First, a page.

One of the major stories dominating the news cycle today is the massive collapse in global oil prices that has happened over the last few months. But even if you somehow missed that news, you've certainly noticed that you're paying much less at the gas pump than you were even at the beginning of 2014.
And if you're really following the news, you'll have heard that along with the rock-bottom oil prices, here in the U.S. natural gas prices have also declined significantly over the past year thanks to booming shale output.
If you take these stories together, you may start to wonder: If fossil fuels are getting to be so cheap, does that mean we'll be turning away from renewable energy sources now and in the future?
Not so fast: based on some recent reports, it looks like solar and other renewables aren't going anywhere anytime soon. Not unless we want to keep paying high prices for energy.
Fossil fuel prices are going down, so why are your energy bills still going up?
As people living in New England and the mid-Atlantic have probably noticed, their energy bills have still been going up even though oil prices are as low as they've been in years. The reason for this, as Forbes reported, is that there is almost no overlap between the oil markets and electricity generation here in the U.S. Only in a very select few markets is oil used to generate power.
Natural gas, on the other hand, is used to generate electricity in a growing segment of the country. Forbes explained that, historically, there has been a strong correlation between natural gas prices and the price we pay for electricity. And yet, even though the price of this commodity is so low right now due to the strong supply, people in many parts of the U.S. are still paying more for power – especially in New England and some mid-Atlantic states like New York.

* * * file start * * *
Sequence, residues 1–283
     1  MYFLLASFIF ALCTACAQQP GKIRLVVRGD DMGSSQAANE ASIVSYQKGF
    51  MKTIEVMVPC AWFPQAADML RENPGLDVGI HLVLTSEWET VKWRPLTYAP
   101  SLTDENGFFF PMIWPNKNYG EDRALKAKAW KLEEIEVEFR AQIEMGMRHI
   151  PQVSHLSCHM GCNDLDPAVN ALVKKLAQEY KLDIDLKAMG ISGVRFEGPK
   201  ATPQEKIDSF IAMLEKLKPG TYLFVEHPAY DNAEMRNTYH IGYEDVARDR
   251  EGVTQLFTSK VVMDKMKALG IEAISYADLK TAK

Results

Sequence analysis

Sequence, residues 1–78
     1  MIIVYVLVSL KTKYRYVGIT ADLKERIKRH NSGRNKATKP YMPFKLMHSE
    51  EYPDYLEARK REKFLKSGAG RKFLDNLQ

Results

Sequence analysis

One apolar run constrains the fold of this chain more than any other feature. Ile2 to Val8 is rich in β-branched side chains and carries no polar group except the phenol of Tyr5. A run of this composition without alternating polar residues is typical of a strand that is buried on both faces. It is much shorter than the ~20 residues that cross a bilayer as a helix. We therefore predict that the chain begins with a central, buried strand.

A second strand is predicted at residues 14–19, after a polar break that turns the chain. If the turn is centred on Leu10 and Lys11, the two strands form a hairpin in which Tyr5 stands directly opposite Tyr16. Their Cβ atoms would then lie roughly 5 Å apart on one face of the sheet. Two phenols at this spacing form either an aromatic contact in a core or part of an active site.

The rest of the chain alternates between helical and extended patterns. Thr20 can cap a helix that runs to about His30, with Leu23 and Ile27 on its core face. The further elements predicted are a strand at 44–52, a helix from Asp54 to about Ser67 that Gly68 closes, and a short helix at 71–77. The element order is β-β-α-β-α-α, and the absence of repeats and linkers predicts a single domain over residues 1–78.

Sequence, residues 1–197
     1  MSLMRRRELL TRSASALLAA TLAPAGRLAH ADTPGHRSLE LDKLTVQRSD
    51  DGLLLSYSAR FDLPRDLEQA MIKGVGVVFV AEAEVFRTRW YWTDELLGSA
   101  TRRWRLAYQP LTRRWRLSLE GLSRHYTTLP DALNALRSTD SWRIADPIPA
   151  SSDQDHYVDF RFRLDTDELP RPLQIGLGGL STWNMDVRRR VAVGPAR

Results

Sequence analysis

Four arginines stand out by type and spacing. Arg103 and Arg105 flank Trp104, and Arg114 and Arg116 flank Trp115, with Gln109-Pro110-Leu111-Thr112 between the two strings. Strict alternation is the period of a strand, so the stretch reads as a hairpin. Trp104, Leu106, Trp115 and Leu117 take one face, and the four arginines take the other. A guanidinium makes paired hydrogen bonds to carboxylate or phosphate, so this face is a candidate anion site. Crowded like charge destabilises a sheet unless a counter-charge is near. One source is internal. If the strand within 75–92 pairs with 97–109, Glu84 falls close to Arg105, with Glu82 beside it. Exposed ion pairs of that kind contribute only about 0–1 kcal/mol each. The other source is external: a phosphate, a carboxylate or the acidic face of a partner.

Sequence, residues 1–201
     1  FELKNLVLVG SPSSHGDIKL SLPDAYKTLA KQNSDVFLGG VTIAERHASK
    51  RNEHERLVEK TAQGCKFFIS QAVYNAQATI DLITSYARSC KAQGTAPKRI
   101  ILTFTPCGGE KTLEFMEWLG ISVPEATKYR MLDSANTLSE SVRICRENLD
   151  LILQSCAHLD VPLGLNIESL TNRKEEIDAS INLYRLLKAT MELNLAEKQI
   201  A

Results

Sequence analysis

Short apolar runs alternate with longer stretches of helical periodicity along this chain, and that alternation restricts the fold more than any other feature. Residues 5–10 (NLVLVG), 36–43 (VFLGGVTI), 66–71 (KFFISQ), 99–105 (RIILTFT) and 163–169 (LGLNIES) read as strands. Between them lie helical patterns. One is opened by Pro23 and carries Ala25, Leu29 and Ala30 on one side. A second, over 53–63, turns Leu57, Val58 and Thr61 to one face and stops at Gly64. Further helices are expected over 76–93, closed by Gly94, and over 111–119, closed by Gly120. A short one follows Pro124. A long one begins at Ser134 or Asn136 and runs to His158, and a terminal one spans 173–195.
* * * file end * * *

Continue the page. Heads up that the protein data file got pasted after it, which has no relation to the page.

The problem is that while the cost of using natural gas to generate power is low, it costs a lot to distribute it. In the northeastern region of the U.S., there is very little existing pipeline structure with which utilities can transport natural gas. This means that both power companies and residents in the region can't take advantage of the cheap energy source.
Investment in renewables stands strong even when fossil fuels got cheap
Nor do they want to. New York and Massachusetts, in particular, have heard a considerable number of voices have been raised against creating new fossil fuel-dependent power generation and distribution capacity. In these states, legislators and consumer groups alike have expressed a desire to move beyond non-renewable energy sources and update their infrastructure and individual homes and businesses with technology like rooftop solar.
"The money has spoken: Renewables are the way to go."
Best of all, this sentiment seems to be the same across the country – all you need to do is follow the money to see how people really feel about clean energy. In 2014, venture capital investment in cleantech rose by 16 percent to reach a total of $310 billion for the year, Bloomberg reported. This was the first time in three years that investment in renewables and energy efficiency rose.
All of these investments have paid off. Thanks to technological and industrial innovations that have lowered the cost of solar, wind, etc., these clean energy sources will become available to everyone from utilities, to massive corporations to the average homeowner.
Energy prices will keep going up until and unless we do something to address the problems we have with generating it in the absence of easy fossil fuels. And the money has spoken: Renewables are the way to go.